The United States men's national team announced their 30-man provisional roster for the World Cup on Monday and Eddie Johnson was the most notable omission. He appeared in six of the United States' 10 hexagonal matches and in two more matches in an earlier stage of qualifying, scoring three goals, but changes in eligibility and form for other players have made him expendable.
Johnson was always facing an uphill battle to get into the squad once Aron Johannsson, then Julian Green became eligible to play for the United States. He needed to outplay Chris Wondolowski in the beginning of the MLS season to get a call into the 30-man squad, but he's done nothing of the sort. Through eight starts with D.C. United, Johnson has no goals. His play hasn't been encouraging. Wondolowski, meanwhile, leads the San Jose Earthquakes with five goals.
Obviously, Johnson's scoring drought isn't all his fault. Settling into a new team playing a different way isn't easy. But it's tough not to come to the conclusion that Johnson's attitude has something to do with his lack of form.
Johnson spoke to the media about his transition to D.C. last week, and he didn't come off as a good teammate at all when answering a question from Thomas Floyd. "I've been asked to play a different style of soccer than I've been playing the last two years in Seattle," said Johnson, which is completely inoffensive and true. "Obviously, I feel like here we're more of a pressing, hardworking team, and we can press the ball high up the field and win balls, be good in that area and break in our attacking half," he continued, with another understandable line. And then he dropped the bomb.
"Whereas in Seattle - and no disrespect to the guys that are here - I felt like I didn't have to run as much because we had better guys that had more quality on the ball. I feel like the styles are completely different."
No disrespect to the guys that are here ... but I feel the need to publicly disrespect the guys that are here. Ouch.
Klinsmann's mind was probably made up about Johnson well before these quotes came out, but they certainly didn't help Johnson's case. After all, he'd have to do even more running for the United States than he does for D.C. United, whether he played on the left wing or at center forward. They're going to be playing in the World Cup against a Portugal team with arguably the best player in the world, a Germany team with some of the sport's best young technicians and a Ghana team loaded with incredible athletes. If having to run more is an adjustment that takes Johnson completely out of form, he doesn't have a place on Klinsmann's national team.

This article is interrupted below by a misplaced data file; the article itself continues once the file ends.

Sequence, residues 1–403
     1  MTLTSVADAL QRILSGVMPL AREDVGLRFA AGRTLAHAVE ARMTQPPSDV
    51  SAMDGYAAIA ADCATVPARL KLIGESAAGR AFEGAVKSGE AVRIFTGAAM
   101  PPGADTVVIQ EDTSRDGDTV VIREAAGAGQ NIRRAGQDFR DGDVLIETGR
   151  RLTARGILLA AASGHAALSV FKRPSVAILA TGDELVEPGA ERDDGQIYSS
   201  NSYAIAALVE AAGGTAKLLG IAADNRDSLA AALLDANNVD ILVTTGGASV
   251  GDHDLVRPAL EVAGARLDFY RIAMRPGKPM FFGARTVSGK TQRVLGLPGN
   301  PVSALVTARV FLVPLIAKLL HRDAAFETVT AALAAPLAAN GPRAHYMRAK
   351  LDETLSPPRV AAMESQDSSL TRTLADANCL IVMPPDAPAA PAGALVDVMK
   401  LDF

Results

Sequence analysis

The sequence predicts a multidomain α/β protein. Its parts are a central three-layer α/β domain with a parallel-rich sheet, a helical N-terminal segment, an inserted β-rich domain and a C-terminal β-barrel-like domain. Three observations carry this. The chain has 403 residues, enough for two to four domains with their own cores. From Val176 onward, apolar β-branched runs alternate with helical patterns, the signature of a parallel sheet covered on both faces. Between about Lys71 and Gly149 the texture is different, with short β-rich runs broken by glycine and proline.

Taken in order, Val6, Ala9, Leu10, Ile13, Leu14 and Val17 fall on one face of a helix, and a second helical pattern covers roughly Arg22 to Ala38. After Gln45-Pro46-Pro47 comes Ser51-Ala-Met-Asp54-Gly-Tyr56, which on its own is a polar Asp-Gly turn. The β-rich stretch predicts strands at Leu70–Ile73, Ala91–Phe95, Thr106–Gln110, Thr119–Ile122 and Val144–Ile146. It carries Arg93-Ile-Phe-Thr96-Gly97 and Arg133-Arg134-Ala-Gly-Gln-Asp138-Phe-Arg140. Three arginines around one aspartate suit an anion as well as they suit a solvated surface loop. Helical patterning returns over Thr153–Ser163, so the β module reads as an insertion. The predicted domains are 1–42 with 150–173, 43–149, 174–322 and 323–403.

Johnson is a speedster who scored some good goals in qualifying, sure, but anyone who thinks he was badly snubbed has to consider what he brings to the team that the players selected ahead of him don't. He doesn't have the ceiling of Green or Jozy Altidore and he's not nearly as reliable as Johannsson or Wondolowski. He's not as technical as Landon Donovan, Joe Corona or Graham Zusi. He's not going to defend like Fabian Johnson, Alejandro Bedoya or DaMarcus Beasley. He doesn't have the versatility of Brad Evans or or the ability to keep the ball and deliver quality set pieces that Brad Davis does.
He's an adequate USMNT starter, but he doesn't bring anything different to the table. There's nothing he does significantly better than any of the starters, and he doesn't have the same ability to change the game off the bench that players brought to camp ahead of him do. There's nothing wrong with Johnson -- assuming he'd have a better attitude about playing for the U.S. than he seems to have about playing for D.C. United -- but it's difficult to envision a scenario in which everyone thinks "this game would have been different if we just had a player like Eddie Johnson to bring off the bench".
And yet, despite all that, Johnson probably could have earned his way into the team. If he embraced D.C. United's style of play right away, ran around like a madman, scored a couple of goals and talked about how he thought he fit into Ben Olsen's gameplan, he might have found a way into the U.S. squad. Instead, he failed to deliver for two months. When you're a fringe player, you can't afford to do that.